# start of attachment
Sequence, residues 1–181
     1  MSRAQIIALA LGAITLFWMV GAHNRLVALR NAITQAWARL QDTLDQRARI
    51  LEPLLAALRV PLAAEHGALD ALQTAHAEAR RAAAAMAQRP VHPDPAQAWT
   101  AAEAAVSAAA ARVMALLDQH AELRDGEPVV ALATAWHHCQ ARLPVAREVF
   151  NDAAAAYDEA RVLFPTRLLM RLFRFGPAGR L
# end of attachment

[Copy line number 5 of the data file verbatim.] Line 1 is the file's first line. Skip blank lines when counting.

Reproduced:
   151  NDAAAAYDEA RVLFPTRLLM RLFRFGPAGR L